Bude lies on the slope of a hill overlooking wide golden sands, surrounded by rugged cliffs.
During the 19th century this area of Cornwall was notorious for wreckers, local villains who lured stricken ships onto the rocks and plundered the cargoes. There were more than 80 recorded wrecks between 1824 and 1874 alone. It was Bude canal that helped to establish the town in 1819. Initially dug to carry fertiliser inland and for exporting local goods, it is now used mainly for pleasure-boating and fishing.
The Atlantic-pounded beaches all along this coast make it a surfers' paradise. Australians have termed Bude the "Bondi of Britain".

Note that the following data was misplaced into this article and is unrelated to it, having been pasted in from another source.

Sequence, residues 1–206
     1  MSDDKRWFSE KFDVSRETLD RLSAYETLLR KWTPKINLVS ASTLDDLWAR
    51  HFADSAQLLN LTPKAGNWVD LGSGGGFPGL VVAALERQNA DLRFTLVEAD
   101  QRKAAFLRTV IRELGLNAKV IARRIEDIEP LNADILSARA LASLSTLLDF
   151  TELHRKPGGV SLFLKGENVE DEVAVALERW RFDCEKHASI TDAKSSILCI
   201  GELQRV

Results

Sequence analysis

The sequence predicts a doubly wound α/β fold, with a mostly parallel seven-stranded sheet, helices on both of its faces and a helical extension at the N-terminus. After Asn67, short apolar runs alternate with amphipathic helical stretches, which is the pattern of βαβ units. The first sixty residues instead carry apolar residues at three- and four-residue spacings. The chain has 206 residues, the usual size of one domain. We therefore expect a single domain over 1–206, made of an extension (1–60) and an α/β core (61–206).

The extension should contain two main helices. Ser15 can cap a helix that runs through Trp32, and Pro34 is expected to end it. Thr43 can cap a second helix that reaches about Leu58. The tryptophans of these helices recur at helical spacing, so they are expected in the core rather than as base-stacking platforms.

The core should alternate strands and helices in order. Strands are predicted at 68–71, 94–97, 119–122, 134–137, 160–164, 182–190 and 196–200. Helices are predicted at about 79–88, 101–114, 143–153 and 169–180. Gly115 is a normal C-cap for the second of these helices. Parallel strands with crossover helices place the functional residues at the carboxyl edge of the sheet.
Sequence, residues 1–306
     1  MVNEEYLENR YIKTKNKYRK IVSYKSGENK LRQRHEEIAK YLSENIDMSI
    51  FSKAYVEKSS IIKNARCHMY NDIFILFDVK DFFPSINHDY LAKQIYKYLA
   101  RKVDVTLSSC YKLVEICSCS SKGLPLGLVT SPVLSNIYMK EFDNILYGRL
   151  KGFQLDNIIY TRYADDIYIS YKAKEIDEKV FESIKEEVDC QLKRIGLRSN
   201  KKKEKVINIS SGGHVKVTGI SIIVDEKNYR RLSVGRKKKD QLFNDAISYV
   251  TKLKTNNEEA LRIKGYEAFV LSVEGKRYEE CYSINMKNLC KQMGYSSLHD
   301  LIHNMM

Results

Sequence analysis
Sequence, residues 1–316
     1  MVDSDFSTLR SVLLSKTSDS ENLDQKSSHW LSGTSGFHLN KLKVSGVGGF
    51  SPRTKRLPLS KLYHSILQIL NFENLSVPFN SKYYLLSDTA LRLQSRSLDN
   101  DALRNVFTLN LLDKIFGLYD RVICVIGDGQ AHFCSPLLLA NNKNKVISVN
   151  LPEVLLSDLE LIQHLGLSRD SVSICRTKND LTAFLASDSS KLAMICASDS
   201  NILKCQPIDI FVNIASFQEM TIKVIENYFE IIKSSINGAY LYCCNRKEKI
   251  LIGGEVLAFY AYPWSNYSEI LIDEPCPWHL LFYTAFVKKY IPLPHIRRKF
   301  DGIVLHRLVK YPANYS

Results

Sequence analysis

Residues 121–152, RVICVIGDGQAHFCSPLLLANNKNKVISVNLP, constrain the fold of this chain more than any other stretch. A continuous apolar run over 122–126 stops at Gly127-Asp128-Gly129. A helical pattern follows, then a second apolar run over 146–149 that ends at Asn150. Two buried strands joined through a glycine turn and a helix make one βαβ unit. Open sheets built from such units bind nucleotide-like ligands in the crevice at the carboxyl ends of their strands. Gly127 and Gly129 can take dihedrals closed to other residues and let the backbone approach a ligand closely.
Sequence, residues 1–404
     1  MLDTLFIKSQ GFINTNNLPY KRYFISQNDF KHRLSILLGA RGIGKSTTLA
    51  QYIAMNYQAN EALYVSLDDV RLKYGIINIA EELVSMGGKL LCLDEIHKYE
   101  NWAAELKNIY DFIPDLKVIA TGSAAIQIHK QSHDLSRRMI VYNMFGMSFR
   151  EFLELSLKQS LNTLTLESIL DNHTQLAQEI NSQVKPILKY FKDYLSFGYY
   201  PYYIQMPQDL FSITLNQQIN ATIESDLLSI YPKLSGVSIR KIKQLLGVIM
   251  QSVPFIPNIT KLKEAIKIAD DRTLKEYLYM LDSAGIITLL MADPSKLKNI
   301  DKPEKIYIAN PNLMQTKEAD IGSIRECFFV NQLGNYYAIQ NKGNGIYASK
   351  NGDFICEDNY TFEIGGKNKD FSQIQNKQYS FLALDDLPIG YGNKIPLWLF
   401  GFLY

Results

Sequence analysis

Tourist Information Centre:
|The Crescent, Bude, Cornwall EX23 8LE - Tel: 01288 354240|
A castellated stone mansion that currently houses council offices, was built circa 1830 by local inventor Sir Goldsworth Gurney, the first man to drive a mechanically driven vehicle (steam carriage) on British roads.
The nearby town of Stratton, which dates from pre Roman times, contains steep streets of Georgian houses, that climb up to St Andrew's Church, built in 1348. Stratton's Tree Inn was once the home of the 17th-century "Cornish Giant", Anthony Payne. Payne, who was 7 feet 4 inches tall, was a retainer of the Royalist leader Sir Beville Grenville; who won a Civil War battle at Stamford Hill in 1643.